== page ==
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Local program aims to address state teacher shortage

Published: Jan. 27, 2022 at 8:35 PM CST
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BRYAN, Texas (KBTX) - Texas classrooms are losing teachers at an alarming rate.

A 2021 Texas Teacher Workforce report found that many new teachers are quitting after their first year. The study was conducted from 2010 to 2020 using a cohort of 13,373 new Texas teachers. The report shows that the cohort dropped to 11,703 (87.5%) going into the second year. That was the biggest decline over the study’s span.

By 2020, there were only 6,664 teachers in that cohort still in the classroom. The research states that some of the teachers’ reasons for leaving are the lack of diversity, compensation, and the COVID-19 pandemic.

Rudder High School teacher Lisa Hendrix believes teachers may also leave the profession after their first year because of the amount of work. Hendrix said new teachers may have a vision of what they think education will be but not be able to handle responsibilities like classroom management, lesson plans, and student learning styles.

Hendrix agrees that the pandemic has also taken a toll on teachers.

“We have had to learn a completely different way and style of teaching that we weren’t familiar with at all,” Hendrix said. “You’re trying to think of how you’re going to be able to reach all of your kids and make sure that they’re learning what they would normally be doing in the classroom but you can’t control their outside situation.”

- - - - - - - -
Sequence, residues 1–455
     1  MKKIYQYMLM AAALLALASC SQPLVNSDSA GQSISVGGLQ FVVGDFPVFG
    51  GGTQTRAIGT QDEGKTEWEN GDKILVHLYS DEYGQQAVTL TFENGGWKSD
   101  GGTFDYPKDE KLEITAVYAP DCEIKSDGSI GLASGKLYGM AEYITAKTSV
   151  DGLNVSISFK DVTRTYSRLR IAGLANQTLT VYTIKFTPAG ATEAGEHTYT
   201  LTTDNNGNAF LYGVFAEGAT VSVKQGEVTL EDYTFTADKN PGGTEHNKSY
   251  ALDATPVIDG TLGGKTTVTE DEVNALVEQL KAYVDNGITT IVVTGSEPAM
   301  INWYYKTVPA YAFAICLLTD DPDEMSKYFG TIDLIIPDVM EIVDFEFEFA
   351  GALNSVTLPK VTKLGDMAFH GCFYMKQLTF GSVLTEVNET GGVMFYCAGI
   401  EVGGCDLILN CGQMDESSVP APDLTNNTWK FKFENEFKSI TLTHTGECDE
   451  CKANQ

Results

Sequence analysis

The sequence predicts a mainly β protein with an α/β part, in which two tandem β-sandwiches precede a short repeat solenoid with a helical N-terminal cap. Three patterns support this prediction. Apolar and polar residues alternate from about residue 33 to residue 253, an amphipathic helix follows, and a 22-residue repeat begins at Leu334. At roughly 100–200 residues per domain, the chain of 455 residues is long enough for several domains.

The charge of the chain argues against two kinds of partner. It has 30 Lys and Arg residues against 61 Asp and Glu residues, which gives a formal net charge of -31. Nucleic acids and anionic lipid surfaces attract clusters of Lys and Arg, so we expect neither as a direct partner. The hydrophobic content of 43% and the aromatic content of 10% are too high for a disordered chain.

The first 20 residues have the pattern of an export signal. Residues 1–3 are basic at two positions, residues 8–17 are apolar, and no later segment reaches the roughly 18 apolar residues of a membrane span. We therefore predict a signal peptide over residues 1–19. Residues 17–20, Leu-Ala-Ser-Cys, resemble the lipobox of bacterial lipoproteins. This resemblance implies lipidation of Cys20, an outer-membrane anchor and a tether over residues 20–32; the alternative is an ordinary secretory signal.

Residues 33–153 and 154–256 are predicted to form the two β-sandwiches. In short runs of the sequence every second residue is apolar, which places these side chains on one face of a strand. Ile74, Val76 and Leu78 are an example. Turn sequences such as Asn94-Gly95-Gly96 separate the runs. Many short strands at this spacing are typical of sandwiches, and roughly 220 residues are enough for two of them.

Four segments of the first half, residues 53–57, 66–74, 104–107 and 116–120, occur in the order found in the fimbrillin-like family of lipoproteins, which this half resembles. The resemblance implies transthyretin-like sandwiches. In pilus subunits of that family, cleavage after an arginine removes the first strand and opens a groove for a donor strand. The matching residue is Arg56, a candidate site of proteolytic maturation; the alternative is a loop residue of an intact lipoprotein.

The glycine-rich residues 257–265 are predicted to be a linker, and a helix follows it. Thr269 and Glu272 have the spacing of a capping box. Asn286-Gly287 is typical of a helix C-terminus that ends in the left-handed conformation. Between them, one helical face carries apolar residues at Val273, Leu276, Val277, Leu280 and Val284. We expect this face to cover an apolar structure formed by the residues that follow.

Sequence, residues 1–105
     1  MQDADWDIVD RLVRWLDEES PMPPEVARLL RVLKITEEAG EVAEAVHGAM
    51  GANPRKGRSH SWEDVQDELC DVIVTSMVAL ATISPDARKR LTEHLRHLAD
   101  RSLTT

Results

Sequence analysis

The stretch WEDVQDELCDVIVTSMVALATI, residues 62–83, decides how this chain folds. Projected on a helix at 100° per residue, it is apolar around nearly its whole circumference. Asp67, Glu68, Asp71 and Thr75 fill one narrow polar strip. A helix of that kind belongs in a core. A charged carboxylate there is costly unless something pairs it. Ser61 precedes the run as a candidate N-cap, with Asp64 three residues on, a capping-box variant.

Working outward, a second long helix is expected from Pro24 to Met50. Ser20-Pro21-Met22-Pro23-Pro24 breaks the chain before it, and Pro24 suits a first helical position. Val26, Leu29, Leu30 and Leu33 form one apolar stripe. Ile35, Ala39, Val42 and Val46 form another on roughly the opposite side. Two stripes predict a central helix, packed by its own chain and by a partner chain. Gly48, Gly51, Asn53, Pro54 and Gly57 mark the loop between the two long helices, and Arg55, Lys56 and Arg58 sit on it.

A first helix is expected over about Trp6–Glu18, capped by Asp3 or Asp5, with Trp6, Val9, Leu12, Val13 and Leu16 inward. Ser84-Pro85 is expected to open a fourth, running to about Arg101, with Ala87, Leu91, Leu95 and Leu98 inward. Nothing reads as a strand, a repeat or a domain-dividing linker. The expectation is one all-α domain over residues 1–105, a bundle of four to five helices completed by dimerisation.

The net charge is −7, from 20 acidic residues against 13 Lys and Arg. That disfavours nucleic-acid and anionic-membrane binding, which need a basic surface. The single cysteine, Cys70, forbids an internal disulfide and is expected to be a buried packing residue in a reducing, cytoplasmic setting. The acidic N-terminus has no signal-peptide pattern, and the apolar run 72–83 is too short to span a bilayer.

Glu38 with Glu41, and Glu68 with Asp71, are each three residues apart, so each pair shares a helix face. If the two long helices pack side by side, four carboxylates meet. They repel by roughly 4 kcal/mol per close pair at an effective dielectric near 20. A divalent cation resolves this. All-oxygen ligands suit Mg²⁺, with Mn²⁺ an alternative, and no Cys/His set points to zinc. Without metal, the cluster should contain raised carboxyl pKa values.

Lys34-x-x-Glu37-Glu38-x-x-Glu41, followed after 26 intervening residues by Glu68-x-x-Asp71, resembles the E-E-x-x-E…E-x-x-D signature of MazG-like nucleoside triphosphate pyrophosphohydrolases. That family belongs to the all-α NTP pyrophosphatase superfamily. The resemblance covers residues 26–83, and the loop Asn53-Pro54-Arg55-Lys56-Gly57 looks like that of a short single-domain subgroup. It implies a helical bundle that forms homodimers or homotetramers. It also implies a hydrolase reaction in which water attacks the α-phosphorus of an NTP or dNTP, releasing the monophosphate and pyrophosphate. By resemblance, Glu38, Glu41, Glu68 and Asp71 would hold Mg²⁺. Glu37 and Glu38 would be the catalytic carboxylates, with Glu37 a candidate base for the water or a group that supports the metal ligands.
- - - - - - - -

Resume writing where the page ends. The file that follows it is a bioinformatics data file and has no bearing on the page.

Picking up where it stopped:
To help address the teacher shortage, Hendrix helps expose students to the education field through the BVTeach program. The program gives high school freshmen through seniors hands-on experience working with experienced teachers to prepare them for college and a teaching career. Hendrix believes programs like this allow students to know early on if education is what they want to pursue and provide them with the resources and support to succeed if so. She also said this will help raise teacher retention.

“That exposure to the education field that much earlier than waiting until you get to college, you’re learning so much more,” Hendrix said.

Rudder High School junior Neeley Rutledge is in the BVTeach program and works with kindergarteners at Mitchell Elementary. Rutledge’s classroom mentor is her former kindergarten teacher.

“It’s kind of inspiring how you can help somebody so much like in the littlest ways,” Rutledge said.

Rutledge said she has always loved working with kids and babysitting throughout the years, and the program confirmed her desire to teach and coach volleyball.

“I’ve worked with a few of them one-on-one and just seeing their growth already from the beginning to now, it’s just really cool seeing that,” Rutledge said.

Along with being a part of the program, Hendrix said students are also able to get their educational aide certification after they graduate high school. This is an entry-level teaching position that students can do while earning their education degree, according to Hendrix.

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